In response to the 1915(c) ANPRM, we received comments that supported the underlying goals to promote independence, community inclusion, and the goals of the Olmstead decision. However, many commenters also expressed concern about definitions of home and community-based settings that limited participant choice, and that excluded settings that may, in fact, promote independence and integration. Since that time, we have facilitated and participated in multiple stakeholder discussions related to this issue, and we also included proposed language for settings in which HCBS could be provided to elicit further comments on this issue in the section 1915(k) proposed rule published on February 25, 2011 and in the 1915(c) proposed rule published on April 15, 2011. We find the public comment process to be valuable in our attempt to develop the best policy on this issue for Medicaid beneficiaries. Therefore, with this rule, we again invite public comments on proposed language to establish the qualities for home and community-based settings under both sections 1915(i) State plan HCBS and the 1915(k) Community First Choice State plan option. It is our goal to align the final language pertaining to this topic across the sections 1915(k), 1915(i), and 1915(c) Medicaid HCBS authorities.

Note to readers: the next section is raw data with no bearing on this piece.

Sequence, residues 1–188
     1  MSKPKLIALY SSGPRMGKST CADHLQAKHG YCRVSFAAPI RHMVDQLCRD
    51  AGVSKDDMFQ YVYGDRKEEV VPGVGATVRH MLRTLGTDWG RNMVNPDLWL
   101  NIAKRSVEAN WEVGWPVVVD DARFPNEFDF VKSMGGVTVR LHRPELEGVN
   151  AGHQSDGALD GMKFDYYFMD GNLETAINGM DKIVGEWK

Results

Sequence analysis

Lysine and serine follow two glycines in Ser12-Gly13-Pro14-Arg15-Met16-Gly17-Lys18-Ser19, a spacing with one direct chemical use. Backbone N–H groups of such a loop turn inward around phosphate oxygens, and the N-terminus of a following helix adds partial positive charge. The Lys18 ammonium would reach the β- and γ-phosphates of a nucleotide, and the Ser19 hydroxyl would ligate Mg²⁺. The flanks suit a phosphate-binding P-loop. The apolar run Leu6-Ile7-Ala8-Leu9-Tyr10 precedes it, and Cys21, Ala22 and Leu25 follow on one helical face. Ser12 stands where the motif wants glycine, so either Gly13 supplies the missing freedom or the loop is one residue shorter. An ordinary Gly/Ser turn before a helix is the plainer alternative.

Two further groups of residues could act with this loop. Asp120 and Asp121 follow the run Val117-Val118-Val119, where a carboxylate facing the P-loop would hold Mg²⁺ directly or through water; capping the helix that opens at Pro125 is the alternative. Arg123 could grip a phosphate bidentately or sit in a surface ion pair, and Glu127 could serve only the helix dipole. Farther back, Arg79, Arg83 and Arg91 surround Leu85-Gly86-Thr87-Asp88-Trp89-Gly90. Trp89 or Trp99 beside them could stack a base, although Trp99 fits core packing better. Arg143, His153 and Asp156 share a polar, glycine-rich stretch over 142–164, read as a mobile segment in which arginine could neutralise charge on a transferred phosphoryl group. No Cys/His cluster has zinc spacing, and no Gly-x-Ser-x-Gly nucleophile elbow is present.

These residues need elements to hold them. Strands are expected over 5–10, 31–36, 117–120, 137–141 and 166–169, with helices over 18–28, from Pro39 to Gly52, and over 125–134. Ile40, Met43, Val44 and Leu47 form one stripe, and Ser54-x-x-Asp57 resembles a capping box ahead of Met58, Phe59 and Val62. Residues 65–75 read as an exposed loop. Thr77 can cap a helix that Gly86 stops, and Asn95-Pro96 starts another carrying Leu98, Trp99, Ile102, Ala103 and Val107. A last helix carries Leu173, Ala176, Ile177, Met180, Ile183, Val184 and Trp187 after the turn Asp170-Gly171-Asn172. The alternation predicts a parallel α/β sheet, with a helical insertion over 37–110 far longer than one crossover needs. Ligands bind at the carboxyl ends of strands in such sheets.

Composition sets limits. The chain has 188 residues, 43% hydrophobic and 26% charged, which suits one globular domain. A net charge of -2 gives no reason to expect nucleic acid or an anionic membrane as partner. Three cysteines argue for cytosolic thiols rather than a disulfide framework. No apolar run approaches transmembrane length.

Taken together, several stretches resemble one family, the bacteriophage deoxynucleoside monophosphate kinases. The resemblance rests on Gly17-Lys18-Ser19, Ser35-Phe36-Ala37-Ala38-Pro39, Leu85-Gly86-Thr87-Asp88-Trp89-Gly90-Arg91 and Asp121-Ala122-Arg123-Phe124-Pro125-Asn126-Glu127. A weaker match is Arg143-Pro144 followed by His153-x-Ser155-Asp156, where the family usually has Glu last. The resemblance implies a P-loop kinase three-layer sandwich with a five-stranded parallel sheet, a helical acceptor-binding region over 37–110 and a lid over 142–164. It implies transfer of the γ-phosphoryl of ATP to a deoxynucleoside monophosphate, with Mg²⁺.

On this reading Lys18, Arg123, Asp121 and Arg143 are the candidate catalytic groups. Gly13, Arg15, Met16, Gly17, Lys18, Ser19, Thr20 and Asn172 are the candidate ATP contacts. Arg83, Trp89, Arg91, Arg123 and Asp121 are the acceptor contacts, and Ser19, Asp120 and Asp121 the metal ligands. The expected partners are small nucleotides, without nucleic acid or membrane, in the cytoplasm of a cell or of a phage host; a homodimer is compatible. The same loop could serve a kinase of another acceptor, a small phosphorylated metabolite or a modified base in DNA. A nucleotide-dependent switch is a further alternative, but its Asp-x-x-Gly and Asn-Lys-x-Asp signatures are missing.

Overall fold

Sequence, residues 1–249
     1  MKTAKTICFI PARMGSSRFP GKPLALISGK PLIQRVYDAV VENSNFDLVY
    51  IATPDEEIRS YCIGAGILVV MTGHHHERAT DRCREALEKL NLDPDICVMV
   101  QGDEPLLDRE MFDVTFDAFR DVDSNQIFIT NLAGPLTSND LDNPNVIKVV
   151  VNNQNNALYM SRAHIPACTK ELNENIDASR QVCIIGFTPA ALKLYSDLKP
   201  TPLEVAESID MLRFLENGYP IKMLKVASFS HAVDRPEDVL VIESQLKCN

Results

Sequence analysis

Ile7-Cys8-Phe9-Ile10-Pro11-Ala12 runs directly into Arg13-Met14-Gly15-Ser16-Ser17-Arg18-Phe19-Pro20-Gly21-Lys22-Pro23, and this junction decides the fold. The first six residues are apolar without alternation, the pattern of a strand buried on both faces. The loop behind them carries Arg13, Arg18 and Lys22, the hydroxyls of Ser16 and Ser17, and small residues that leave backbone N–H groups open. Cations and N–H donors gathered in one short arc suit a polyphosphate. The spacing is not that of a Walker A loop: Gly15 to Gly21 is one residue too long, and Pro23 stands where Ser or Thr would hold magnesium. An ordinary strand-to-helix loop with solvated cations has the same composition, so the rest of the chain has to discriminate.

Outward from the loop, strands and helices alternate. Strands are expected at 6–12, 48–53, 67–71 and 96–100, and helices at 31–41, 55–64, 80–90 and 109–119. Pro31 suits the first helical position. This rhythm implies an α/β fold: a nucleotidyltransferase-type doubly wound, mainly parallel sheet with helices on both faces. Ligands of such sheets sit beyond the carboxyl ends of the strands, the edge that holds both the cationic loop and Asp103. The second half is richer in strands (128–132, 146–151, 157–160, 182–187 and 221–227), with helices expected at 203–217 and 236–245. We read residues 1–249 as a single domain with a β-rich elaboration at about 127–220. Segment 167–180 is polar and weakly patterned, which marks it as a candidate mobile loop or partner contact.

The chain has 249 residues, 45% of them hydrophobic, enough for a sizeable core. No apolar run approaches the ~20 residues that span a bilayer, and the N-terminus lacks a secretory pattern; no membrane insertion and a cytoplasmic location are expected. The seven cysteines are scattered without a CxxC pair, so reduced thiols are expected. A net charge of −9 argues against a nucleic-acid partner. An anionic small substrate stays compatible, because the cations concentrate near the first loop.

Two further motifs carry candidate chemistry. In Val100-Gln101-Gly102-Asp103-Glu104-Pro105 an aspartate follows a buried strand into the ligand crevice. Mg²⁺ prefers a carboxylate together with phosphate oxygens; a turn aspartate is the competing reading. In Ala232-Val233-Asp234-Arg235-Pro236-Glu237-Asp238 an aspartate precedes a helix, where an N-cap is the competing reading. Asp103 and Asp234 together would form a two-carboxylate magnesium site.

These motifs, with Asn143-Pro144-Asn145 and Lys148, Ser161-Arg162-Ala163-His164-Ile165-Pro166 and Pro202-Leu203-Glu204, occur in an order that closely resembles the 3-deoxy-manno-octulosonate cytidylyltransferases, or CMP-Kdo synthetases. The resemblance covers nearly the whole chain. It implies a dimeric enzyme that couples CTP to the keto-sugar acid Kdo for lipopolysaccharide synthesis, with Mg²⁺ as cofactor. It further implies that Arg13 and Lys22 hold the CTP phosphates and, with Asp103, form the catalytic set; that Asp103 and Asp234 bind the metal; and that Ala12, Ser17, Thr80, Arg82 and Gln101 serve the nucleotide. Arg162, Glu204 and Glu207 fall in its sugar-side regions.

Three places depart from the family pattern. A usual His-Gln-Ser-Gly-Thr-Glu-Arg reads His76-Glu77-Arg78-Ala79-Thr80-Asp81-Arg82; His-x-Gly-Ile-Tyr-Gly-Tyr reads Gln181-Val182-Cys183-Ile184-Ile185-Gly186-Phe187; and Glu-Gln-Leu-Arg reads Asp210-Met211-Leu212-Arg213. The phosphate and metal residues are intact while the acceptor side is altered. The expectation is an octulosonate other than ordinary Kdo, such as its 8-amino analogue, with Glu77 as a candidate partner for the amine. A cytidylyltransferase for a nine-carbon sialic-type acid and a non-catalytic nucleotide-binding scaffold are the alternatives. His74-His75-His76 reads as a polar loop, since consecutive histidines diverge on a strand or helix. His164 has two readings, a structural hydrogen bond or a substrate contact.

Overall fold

We have included proposed language for settings in which section 1915(i) services and supports could be provided to elicit additional comments on this issue. While it is not practical to create one singular definition that encompasses all settings that are home and community-based, with this rule we propose quality principles essential in determining whether a setting is community-based. We expect States electing to provide HCBS benefits under section 1915(i) to include a definition of home and community-based setting that incorporates these principles and will review all SPAs to determine whether they propose settings that are home or community-based. We will permit States with approved section 1915(i) SPAs a reasonable transition period, a minimum of one year, to come into compliance with the HCBS setting requirements as promulgated in our final rule.